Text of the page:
Real Talk: But You Don’t Act Black

First things first, I would just like to say that nothing I write is written with the intention of offending anyone or to be derogatory in anyway. I hope we can all have open minds and hearts about sensitive subjects such as this one and know that it is okay to talk about them. Now that my disclaimer is out, I can get on with this next chapter of real talk.

Since we are all friends here, I feel like there is something that I need to tell you guys. It’s not really a big deal, but I feel like I am going all confessional right now. I am a first generation American. Both of my parents were born and raised in Nigeria, and they immigrated to America before I was born. So basically what I’m saying is that I’m African American, or Black. Whatever you want to say or however you want to say it, that’s who I am.

Now saying this, growing up was a little different for me than your “typical” African American home. My parents spoke Igbo on the phone and to me, we had traditional Nigerian food for dinner and the culture was different. Growing up in the home that I did, the way that I did affected my character and the way I acted around people.

Growing up black in America is something that never really bothered me. I mean, yeah slavery was bad, but it’s over now, right? Sure, segregation was horrible, but that kind of stuff doesn’t happen anymore, right? Racism? That’s totally barbaric, and isn’t happening, right?


I didn’t realize how ignorant of the world I was being until later in my high school career. I was so wrapped up in being “normal” and “socially acceptable” that I refused to see what was in my face. Sure, slavery doesn’t exist anymore, but that doesn’t mean that we weren’t suffering in other ways. In 2014, it is still more likely for a black man to be incarcerated than it is for him to finish post-graduate education. There’s still the idea that black is bad in society today.

Ever since middle school, people have told me that I don’t “act black”. At first I took is as a complement. In my mind, and in the minds of many African American adolescents acting black is synonymous with ghetto and ratchet. Acting black included, but was not limited to:

Being very loud at all times

Sagging for guys

Tight tops and big hoop earring for girls

A certain level of disrespect towards authority

Foul language

Not caring about education

None of these things come even close to how I act, nor were they acceptable in my home. If my parents got a phone call from my school that I had been acting out, or that I failed a class, I would be dead. So obviously I didn’t want to be associated with what I thought “black culture” was. I tried my hardest never to be labeled as that one black girl because I thought it was something to be ashamed of.

There would be times that I would be talking to my friends (yes, I have those) at school, and I would see a group of predominantly African American students and in my mind I would think: Wow, they are acting so black! They obviously are hoodlums. It had gotten to the point where I didn’t even want to identify with my own race because I saw it as something negative. When situations would come up about race, people would say to me, “You’re not really black though, only on the outside.” or “You don’t act like they do, so obviously you’re not black.”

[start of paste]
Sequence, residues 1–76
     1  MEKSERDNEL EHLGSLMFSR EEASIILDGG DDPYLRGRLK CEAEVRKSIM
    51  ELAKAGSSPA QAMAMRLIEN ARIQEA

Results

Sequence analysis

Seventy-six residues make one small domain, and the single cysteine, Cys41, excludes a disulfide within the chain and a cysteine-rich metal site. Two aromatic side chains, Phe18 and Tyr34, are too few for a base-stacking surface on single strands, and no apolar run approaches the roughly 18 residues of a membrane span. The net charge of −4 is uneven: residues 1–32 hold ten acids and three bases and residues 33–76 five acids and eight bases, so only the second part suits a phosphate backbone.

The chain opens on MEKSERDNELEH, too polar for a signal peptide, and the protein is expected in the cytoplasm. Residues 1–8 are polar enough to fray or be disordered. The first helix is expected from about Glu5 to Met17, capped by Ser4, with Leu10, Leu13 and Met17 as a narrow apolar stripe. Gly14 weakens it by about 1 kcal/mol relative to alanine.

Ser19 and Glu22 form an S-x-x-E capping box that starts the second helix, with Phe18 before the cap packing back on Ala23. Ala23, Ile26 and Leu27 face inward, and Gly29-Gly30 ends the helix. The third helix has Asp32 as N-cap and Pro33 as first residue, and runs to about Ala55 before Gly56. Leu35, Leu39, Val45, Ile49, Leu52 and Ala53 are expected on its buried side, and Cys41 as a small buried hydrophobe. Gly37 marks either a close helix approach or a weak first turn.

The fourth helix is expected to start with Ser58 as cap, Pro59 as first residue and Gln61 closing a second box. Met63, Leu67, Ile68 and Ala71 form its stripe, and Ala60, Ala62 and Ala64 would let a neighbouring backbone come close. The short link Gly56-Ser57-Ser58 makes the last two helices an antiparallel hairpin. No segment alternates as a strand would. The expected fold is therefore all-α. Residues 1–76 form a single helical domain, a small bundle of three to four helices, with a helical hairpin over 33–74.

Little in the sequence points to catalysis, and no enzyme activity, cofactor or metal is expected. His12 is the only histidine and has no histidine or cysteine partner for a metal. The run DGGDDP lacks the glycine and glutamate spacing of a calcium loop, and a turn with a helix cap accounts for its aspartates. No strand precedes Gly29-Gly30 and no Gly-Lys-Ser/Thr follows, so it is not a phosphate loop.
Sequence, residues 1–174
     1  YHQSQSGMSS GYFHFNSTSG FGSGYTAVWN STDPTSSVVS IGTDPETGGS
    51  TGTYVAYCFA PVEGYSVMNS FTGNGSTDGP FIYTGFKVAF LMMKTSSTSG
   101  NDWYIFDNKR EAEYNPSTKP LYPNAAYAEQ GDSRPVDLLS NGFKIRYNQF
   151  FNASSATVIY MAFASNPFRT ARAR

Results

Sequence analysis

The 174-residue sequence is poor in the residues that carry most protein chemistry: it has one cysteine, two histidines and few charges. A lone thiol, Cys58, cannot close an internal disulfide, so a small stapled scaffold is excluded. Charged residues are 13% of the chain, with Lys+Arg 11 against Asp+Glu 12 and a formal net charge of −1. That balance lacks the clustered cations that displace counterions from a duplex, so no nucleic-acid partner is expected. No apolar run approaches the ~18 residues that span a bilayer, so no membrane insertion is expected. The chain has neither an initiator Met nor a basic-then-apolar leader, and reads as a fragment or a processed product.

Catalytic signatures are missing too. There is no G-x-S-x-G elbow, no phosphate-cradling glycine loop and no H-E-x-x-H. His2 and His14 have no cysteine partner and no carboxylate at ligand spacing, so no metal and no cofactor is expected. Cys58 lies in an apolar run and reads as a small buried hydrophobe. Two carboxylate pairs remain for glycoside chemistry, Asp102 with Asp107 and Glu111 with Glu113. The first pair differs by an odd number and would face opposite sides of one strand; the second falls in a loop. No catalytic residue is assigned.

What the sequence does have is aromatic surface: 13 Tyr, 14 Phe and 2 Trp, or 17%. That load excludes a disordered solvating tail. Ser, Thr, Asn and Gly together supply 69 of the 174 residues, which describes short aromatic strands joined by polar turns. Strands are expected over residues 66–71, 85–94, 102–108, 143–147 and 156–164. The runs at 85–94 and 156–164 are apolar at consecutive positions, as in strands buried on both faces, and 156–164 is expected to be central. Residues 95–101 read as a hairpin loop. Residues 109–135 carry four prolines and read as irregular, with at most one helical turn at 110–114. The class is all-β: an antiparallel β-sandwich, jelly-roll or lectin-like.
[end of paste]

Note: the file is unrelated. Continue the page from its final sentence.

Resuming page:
I’d like to say that one day I woke up and I was proud of my race. But I can’t. I’d like to say that everything in the world is okay and there is racial equality for all. But I can’t.However, time is a great teacher and I’ve learned a lot of things.

What I can say is that I have learned to have greater appreciation of myself and of my race. I can say that I have learned that the word black does not equal being ghetto or acting ratchet and that I should be proud of who I am. A lot of it had to do with just growing up. Now, my need to fit in is nothing compared to my desire to succeed. I know that whoever is in my life appreciates my for who I am, not what I look like. I also know that the world isn’t perfect, and there are people and places that will judge me because if the color of my skin. But that doesn’t make me any less human or any less valuable. It only gives me motivation to do better and to prove them wrong.

So now, when people say that I don’t act black, I reply: There’s no way to act black, I just am.


4 thoughts on “Real Talk: But You Don’t Act Black

  1. emmasoulistic says:

    First things first, thank you for reading my blog post! There are so many different factors that can feed into personal identity development, and I appreciate you keeping it real in discussing that for your own experience here. The evolution of identity may be paused but never stopped. Keep being you!


    • ahiarahc says:

      Wow thanks soo much for even reading my comment and then taking the time to reply! I was so inspired by what you had said and it felt great to know that I wasn’t the only one that felt like I did! I hope you have a great time in your sorority!


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